In some states, a document nominating persons to manage your health
care if you cannot do so and giving instructions to health care
providers about your wishes during the final stages of an illness,
generally requesting the withholding of extraordinary medical
treatment, sometimes known as a “living will.”
A person named as an agent in a power of attorney.
A person who is, or will be, a recipient of benefits from a will, an estate or a trust.
A gift of property made in a will or trust.
court proceeding in which the judge considers whether a person has
become so incapacitated that he/she needs someone to handle their
money, business or financial affairs. The Court usually appoints a
relative or an attorney as conservator, with a bond.
A person who died.
A common abbreviation for date of death.
An entity consisting of a person’s property and all the rights and responsibilities relating to it. A trustee, personal representative, or conservator administers an estate. Sometimes legally referred to as the res or corpus.
Sometimes used synonymously with the federal estate tax. Generically,
any tax which is levied upon the estate as a whole, as opposed to being
levied upon the takers of the property.
A person or corporation that occupies a position of trust and
accountability. The word characterizes a relationship such as
Trustee-Beneficiary, Attorney-Client, Doctor-Patient, Bank-Depositor,
The process of transferring ownership or title of a trustmaker’s
assets into a trust estate by signing a new real estate deed, changing
beneficiary designations, assigning personal property, leases,
corporations or partnerships, changing title, changing ownership of
financial accounts, etc.
A gratuitous transfer of property to someone else without receiving adequate consideration in return.
In trust usage, the person who creates a trust (also known as Trustor, settler or trustmaker).
HEALTH CARE POWER OF ATTORNEY
A grant of power to a person to make or carry out the decision of the
signor of the document, under terms of a state law, to withdraw food
and water during the final stages of a fatal illness. In some states,
this is included in the Advance Directive.
A person who inherits something from a decedent under the Law of Descent and Distribution where the decedent had no will. Heirs receive notice of probate court actions even if the decedent had a will.
Any death tax levied by a non-federal government (e.g. a state) upon
the takers of the property as opposed to the estate as a whole (see estate tax).
When one dies without a valid will, or where a will does not dispose of all the decedent’s property.
A cash bequest in a will.
A trust created by agreement currently, as opposed to a testamentary
trust created by a Will. Such a trust can be used to hold assets during
a person’s lifetime and thereby remove those assets from probate at the
person’s death. Also sometimes called an “inter vivos trust”.
A set of signed, written instructions telling friends, relatives, and
health care providers not to interfere with the process of dying by
using machines or other heroic measures to delay the natural course of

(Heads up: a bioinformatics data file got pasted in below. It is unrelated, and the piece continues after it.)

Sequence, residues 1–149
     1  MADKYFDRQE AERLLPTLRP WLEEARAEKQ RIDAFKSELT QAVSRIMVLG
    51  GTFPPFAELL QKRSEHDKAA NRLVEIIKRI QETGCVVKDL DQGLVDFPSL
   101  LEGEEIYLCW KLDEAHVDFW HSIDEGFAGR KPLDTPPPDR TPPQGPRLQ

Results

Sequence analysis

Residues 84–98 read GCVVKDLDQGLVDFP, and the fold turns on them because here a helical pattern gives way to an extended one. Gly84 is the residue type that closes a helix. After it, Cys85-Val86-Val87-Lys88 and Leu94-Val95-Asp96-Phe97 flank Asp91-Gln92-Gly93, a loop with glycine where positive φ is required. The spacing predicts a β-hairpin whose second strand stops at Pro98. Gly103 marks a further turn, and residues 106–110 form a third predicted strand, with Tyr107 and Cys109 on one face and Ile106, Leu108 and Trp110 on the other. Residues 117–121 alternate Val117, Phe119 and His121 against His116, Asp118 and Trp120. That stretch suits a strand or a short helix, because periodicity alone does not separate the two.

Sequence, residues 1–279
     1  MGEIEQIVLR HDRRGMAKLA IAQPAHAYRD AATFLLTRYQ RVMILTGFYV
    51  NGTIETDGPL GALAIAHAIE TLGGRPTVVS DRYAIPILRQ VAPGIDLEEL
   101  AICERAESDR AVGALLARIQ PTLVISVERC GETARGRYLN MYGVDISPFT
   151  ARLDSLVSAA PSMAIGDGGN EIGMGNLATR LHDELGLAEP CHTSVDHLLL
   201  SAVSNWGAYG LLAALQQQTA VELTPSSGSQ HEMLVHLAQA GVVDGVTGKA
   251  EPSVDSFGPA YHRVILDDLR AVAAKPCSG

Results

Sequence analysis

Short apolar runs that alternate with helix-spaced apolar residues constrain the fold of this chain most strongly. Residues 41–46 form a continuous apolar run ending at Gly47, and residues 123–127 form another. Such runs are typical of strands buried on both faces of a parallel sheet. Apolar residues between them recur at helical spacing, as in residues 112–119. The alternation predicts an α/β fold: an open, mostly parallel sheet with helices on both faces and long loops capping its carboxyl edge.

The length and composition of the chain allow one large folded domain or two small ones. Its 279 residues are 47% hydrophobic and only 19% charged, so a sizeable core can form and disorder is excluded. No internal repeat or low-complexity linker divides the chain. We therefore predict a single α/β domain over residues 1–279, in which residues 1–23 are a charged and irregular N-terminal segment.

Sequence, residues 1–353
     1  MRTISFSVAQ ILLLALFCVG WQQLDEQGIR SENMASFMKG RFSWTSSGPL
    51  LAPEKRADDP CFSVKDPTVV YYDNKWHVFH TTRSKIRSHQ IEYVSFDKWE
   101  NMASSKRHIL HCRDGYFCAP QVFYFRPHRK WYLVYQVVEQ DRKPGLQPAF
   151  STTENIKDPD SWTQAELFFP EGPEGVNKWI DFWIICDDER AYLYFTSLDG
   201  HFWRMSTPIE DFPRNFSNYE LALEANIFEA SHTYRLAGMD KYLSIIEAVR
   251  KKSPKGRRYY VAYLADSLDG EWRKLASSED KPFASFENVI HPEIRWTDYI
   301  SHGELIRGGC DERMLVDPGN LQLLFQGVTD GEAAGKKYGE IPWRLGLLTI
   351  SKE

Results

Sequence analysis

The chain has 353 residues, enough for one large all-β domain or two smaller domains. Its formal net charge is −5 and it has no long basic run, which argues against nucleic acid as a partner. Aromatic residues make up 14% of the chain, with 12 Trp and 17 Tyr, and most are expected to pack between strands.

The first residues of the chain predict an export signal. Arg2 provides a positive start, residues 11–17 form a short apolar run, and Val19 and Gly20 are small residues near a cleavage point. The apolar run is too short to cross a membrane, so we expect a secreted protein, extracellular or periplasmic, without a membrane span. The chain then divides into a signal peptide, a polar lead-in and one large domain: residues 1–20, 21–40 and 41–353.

a terminal illness. Some states prescribe the form by stature. Also in
some state the living will is called the Advance Directive.
LUMP SUM GIFT
Typically a gift which is made on a one-time basis only, as opposed to a gift program which is designed to use the annual exclusion on a yearly basis.
“Tangible” personal property means anything moveable that you can
touch. “Intangible” personal property refers to financial assets such
as stocks, bonds, bank accounts, insurance, etc.
A person or institution appointed by the probate court (nominated in a will, if any) to administer the decedent’s estate. Formerly known as Executor (for a will), or Administrator (without a will).
A will which names an existing trust as the principal beneficiary. Thus, the probate estate “pours over” into the trust estate.
POWER OF ATTORNEY
A grant of power to a person (agent) to make or carry out the decision
of the signer of the document, under terms of a state law, which
expires upon the death or disability of the signer. A durable
power document continues in effect during the signer’s disability if
and only if it contains specific language required by state law. A general power document contains no limitations on the grant of power. A springing power takes effect only upon the happening of an ascertainable event such as the declaration of disability of the signer.
The process of administration of a decedent’s estate under the authority of the probate court.
Land, and anything permanently attached to it.
Same as a grantor.
Usually referring to the surviving spouse in a husband/wife couple.
Same as a will.
TESTATOR (male) TESTATRIX (female)
The person who signs the will or testament.
An agreement between the trustmaker and the trustee, naming the trustee to control the trustmaker’s property, or some of it, for the benefit of a beneficiary. The trust agreement defines the trustee’s powers and duties.
A person or corporation appointed by a grantor to take control of trust property and administer it for the benefit of a beneficiary
named by the grantor in the trust document. The grantor may also
designate himself as the trustee and beneficiary. The trustee has a
strict duty of accountability (fiduciary) to the beneficiary.
The person who creates a trust (also know as a grantor or settler)
A document (testament) executed by a testator,
in the presence of two witnesses, which sets out the testator’s
instructions for winding up his/her affairs after death. The will has
no effect until the testator dies.